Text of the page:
When asked if an early election was on the cards in the next few months if the vaccination rollout was successful, Mr Morrison said: “No, why would there be?”
“I never said there would be,” he added.
“The election’s next year. There’s been nothing that has happened that will require an election like that this year. I’ve got work to do.”
Speculation has been mounting that the prime minister could call an early election with projections suggesting Australia could achieve a national 80 per cent double-dose coverage by December.
Australia has fully vaccinated 50.15 per cent of its population aged 16 and above, while almost 75 per cent have received one dose.
Scott Morrison says election will be held next year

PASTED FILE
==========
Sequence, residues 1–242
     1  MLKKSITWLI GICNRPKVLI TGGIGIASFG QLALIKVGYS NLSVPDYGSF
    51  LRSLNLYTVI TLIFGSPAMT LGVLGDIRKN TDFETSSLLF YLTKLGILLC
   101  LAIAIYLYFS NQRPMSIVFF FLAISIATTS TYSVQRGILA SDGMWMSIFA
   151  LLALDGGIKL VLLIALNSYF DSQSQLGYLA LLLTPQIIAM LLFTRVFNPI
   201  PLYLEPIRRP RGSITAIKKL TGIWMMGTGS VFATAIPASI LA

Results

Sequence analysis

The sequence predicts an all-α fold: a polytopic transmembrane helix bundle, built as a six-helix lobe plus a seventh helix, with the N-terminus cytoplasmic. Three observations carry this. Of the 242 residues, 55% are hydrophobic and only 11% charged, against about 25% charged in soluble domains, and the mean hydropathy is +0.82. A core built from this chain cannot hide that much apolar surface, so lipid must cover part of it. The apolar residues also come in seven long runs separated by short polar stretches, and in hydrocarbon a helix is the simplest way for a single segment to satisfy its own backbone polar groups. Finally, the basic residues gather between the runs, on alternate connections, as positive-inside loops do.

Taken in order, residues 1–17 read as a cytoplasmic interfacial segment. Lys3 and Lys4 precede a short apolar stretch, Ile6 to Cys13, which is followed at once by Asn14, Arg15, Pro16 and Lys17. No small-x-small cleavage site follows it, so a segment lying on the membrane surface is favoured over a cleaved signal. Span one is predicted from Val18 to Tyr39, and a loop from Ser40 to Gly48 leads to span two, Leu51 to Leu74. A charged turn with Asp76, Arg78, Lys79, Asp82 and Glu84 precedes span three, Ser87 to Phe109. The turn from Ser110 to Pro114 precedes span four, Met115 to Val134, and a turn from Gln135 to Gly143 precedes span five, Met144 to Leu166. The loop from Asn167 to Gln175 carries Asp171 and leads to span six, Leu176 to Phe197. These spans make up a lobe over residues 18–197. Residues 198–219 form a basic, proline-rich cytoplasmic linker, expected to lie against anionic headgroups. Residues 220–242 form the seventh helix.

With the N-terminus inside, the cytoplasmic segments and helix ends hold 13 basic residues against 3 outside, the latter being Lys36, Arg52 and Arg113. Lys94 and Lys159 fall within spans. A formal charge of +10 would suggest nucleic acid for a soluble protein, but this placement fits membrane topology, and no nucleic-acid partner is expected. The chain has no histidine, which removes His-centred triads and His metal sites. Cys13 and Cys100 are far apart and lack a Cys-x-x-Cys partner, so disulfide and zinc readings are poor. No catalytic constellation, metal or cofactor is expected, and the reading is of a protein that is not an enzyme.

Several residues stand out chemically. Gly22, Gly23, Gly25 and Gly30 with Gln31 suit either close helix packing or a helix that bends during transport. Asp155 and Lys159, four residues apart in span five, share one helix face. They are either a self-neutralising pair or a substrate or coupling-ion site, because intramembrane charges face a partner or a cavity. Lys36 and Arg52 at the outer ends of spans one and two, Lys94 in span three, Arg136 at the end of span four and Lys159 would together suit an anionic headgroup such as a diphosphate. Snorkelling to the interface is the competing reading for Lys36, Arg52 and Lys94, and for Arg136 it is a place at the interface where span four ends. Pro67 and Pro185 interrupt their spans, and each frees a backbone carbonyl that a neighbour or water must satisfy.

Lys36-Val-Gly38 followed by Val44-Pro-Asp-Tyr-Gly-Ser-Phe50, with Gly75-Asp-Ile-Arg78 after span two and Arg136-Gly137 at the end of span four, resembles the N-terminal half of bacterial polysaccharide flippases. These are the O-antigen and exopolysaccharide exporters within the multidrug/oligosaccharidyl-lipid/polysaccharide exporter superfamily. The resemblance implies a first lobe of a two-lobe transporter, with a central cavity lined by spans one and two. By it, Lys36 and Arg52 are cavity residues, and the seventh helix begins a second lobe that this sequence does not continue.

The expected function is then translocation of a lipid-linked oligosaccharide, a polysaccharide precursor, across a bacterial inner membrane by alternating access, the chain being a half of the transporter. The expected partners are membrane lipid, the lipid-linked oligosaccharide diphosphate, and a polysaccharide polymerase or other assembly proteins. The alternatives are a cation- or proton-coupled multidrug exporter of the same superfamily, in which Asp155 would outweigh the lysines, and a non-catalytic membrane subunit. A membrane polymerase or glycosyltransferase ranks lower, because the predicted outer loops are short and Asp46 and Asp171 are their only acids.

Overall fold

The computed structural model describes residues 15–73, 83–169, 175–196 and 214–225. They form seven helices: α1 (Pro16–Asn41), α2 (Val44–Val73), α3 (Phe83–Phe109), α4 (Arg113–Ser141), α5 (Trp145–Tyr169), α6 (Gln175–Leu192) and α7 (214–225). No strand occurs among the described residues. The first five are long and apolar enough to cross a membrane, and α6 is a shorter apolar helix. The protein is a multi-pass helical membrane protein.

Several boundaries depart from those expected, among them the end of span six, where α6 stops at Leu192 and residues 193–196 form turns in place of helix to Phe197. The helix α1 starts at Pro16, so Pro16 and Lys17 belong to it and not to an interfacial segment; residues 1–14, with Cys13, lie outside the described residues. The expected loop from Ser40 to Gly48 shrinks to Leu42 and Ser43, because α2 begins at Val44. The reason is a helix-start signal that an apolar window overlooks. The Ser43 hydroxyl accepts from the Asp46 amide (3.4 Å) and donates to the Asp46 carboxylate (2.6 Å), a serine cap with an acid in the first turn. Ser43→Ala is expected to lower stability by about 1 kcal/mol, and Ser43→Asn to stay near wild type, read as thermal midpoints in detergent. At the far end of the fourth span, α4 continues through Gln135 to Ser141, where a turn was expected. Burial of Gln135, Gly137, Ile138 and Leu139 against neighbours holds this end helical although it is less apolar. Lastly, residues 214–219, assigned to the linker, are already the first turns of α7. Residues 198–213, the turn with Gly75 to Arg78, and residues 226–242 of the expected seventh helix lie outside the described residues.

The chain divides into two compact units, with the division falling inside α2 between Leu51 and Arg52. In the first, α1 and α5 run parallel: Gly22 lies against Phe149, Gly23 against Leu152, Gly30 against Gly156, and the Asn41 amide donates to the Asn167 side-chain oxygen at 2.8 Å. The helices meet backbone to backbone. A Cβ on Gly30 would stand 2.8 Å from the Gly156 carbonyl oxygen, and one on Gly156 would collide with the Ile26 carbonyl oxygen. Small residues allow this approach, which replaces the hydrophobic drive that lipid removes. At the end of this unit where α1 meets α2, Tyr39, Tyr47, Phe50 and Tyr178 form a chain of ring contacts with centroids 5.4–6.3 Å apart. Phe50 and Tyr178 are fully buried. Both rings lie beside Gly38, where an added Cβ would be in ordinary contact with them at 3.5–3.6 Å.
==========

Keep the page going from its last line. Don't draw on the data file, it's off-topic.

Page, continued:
Latest polls also show Mr Morrison has clawed back some favour with voters who had downgraded his personal performance during winter, amid criticism of a lack of vaccine supply.
The Resolve Political Monitor earlier this week had voters giving a 49 per cent approval rating for Mr Morrison, with 45 per cent saying it was poor – reportedly his strongest net rating since June.
A separate poll, Newspoll, showed Labor would still win an election if it was called today, but recorded a slight improvement in the Coalition’s two-party preferred vote.
The Coalition went from 46 per cent against Labor’s 54 per cent, to 47 per cent against Labor’s 53 per cent, between August and September.
Mr Morrison said his job was not done.
“The work of government requires you to put those hours in, and we’ve been putting them in and we’ve been getting the results.”
On the Newspoll result, Labor leader Anthony Albanese said it was too early to judge.
“Polls come and go,” he said earlier this week.
“We’ve been ahead for a while, but you’d rather be in that situation than not. But the poll that counts, of course, is the one on polling day. And I’m determined that we’ll put forward a positive alternative talking about jobs.”